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Nov 17, 2017 at 10:14 PM
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GUBAL STRAIT PDF Print E-mail
Step into History One week cruise with boarding in Hurghada. The route takes you Northwards towards the many islands and reefs found in the area, up to the strait of Gubal, or more precisely the stretch sea between the Sinai Peninsula and the West coast of the Red Sea which precedes the Suez Canal. Navigation is particularly pleasant with short sailing times. This route makes it possible to alternate between dives on famous wrecks, including the Thistlegorm which dates back to the 2nd World War, and diving on the splendid coral-red barriers.The area is scattered with wrecks. Many of them are from the Second World War, when the ships waiting to pass the Suez Canal became easy prey for the fighters and bombers; others were victims of the not easily visible reefs which tore the skittles of the ships causing them to sink.   The Thistlegorm (sunk in 1941) is probably the most impressive wreck of all, both because of its size (over 126 metres in length) as well as for the rich marine life which grew up around this artificial barrier. Lying on the sea bed, it’s in a perfect position at a depth of 30 metres, in the Shaab Ali area. The prow is intact, but during exploration of the wreck the damage caused by the bombardment is clearly visible, where the impact tore away part of the ship to reveal the hold. The load of motor bikes, trucks, cross-country cars, ammunition and other goods intended for the English troops fighting in Africa can still be seen. The cargo never arrived at destination, because on the night of October 6, 1941, the Red Sea took an hour and half to swallow the Thistlegorm and her cargo for ever. In the northern part of Shaab Abu Nuhas there are four more wrecks; the Carnatic (sunk in 1869), the Giannis. D. (sunk in 1983), the Chrisoula K. (sunk in 1981) and the Kimon Mr. (sunk in 1978). A dive on these wrecks is like stepping back in history into the past, and is an experience not to be missed. Another splendid dive is on the wreck of the Rosalie Moller (sunk on October 8, 1941); at a length of almost 110 metres, this ship characterized by the quantity of fish that can be found. Unfortunately dives are not always easy to organize if the weather and marine conditions are not favourable, as the area isn’t protected so could become difficult.The splendid coral barriers are the ideal places for sightings of large groupers and moray eels, and often dolphins (tursiopes or sténelles longirostres). A good example is “Bluff Point”, where the boat is often anchored for night diving. There is a very rich reef here, largely made up of hard coral formations large umbrella corals, offering shelter to a great quantity of barrier fish. The northern side of the island also holds a surprise, the small wreck of the Ulysses (sunk in 1878). Starting near to the reef and dropping to a depth of about thirty meters, this very old wreck offers some wonderful scenes of life and colour, and together with the nearby coral-red barriers make for some great diving. Shaab el Erg and Shag Rock are both of great interest. The first is a splendid reef with a lagoon where a group of dolphins can often be seen in the late afternoon. The second combines the beauty of the scenery with a wreck dive; the Kingston (sunk in 1881) also named Sarah H. Not much remains of the actual ship, but the dive from the wreck along the barrier with its unique hard corals is very pleasant. Shaab Umm Usk, with its walls covered with formations of hard coral and barrier fish is another beautiful stage. Yellow Fish, at the entry of the reef of Abu Nuhas, is a small reef which often reveals great surprises of shoals of fish and sometimes even a group of dolphins attracted of the bubbles of the divers.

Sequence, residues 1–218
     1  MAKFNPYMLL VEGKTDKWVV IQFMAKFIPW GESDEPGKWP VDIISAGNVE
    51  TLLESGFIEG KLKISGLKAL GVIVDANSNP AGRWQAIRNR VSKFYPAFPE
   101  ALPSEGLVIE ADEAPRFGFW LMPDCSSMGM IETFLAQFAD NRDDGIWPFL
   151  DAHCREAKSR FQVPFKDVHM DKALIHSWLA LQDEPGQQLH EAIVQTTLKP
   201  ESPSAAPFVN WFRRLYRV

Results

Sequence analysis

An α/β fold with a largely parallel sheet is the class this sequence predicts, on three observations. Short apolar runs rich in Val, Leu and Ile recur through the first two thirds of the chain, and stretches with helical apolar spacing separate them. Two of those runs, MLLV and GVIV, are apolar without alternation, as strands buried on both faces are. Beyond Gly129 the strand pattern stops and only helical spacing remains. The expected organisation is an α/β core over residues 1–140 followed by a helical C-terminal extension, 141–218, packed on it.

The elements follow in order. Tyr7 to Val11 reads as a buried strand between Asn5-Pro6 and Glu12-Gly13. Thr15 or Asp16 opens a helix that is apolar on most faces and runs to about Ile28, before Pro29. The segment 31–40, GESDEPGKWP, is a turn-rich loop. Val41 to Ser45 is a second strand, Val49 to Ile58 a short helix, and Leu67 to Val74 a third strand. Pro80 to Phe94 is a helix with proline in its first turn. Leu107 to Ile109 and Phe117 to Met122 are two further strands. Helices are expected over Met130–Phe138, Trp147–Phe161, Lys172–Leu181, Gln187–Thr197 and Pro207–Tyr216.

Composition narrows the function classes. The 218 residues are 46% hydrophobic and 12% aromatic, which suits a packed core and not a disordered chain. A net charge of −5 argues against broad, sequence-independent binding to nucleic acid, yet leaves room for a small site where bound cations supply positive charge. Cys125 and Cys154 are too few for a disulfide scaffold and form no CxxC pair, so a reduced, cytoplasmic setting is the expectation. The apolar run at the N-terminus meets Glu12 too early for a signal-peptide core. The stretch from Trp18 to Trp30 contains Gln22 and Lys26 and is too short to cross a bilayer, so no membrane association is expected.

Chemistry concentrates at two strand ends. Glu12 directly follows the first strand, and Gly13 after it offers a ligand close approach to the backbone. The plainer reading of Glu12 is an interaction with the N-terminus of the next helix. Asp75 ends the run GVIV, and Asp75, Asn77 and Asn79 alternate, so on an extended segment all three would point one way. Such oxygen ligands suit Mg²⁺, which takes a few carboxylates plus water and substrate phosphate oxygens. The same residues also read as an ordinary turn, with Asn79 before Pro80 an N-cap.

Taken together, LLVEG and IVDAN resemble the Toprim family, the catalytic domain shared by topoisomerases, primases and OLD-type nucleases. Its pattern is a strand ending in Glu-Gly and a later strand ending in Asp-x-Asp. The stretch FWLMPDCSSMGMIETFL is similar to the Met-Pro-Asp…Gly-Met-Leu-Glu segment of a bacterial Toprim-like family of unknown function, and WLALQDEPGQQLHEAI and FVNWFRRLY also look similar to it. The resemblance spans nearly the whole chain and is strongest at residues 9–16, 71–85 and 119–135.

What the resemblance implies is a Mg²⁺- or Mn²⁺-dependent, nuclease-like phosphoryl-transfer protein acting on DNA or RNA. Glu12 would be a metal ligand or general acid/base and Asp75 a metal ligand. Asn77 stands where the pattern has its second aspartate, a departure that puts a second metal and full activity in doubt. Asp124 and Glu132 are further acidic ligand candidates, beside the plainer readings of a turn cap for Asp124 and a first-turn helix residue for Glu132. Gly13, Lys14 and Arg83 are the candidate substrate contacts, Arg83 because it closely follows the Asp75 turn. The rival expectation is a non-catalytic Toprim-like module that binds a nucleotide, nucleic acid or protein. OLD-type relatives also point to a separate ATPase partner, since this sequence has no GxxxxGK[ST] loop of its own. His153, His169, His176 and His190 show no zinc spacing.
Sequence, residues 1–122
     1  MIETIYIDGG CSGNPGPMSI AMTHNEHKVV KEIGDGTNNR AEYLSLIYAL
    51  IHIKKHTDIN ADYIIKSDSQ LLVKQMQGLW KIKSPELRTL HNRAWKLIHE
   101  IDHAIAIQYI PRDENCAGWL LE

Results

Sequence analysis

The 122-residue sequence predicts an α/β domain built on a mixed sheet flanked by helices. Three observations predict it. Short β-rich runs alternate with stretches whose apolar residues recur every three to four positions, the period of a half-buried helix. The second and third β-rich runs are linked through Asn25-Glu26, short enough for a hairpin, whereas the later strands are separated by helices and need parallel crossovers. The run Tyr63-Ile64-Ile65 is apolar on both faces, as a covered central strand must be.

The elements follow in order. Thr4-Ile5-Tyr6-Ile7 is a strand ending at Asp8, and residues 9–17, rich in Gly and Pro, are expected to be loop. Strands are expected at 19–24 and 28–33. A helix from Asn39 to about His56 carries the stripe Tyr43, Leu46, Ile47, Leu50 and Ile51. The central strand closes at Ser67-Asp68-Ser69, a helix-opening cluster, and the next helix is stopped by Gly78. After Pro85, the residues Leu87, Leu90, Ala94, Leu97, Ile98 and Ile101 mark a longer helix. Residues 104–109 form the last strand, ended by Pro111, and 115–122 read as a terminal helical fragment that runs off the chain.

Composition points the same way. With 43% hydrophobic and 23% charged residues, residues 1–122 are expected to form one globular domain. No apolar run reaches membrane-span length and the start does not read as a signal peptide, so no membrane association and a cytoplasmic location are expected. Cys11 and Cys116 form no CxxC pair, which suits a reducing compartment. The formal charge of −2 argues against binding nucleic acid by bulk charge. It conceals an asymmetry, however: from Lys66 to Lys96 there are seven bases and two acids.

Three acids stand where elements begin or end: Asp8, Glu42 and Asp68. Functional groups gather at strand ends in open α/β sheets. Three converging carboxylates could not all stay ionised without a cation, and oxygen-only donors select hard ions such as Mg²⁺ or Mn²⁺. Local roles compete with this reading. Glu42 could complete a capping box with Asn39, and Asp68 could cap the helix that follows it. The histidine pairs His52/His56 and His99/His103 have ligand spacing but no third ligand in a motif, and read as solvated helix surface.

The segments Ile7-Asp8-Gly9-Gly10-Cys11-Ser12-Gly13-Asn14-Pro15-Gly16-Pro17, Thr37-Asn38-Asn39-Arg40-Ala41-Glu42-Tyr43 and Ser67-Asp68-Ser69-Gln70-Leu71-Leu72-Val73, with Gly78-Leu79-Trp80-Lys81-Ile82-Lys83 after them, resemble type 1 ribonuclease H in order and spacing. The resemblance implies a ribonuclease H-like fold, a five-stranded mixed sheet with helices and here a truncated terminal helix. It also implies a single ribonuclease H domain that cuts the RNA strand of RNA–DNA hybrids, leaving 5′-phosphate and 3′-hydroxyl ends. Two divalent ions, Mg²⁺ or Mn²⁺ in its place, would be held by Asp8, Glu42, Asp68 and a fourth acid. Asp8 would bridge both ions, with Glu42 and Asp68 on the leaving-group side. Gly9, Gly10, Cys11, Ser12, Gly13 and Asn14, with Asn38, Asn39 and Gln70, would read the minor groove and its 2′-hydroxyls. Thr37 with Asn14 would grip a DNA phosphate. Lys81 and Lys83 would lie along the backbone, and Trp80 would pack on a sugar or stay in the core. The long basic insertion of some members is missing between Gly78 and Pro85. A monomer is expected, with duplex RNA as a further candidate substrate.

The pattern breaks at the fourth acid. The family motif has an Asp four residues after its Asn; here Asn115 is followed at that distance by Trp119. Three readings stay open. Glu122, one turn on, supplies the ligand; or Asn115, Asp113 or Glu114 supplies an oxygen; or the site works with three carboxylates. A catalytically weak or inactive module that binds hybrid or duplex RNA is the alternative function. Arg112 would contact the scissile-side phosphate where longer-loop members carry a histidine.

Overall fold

No less beautiful are the sites close to Hurghada, such as Umm Gamar, Gota Abu Ramada, and small Giftun, offering soft and very rich hard coral Reefs, and walls with incomparable sea fans where the tiny falcon fish can be found.

N.B. Please click on the for underwater maps

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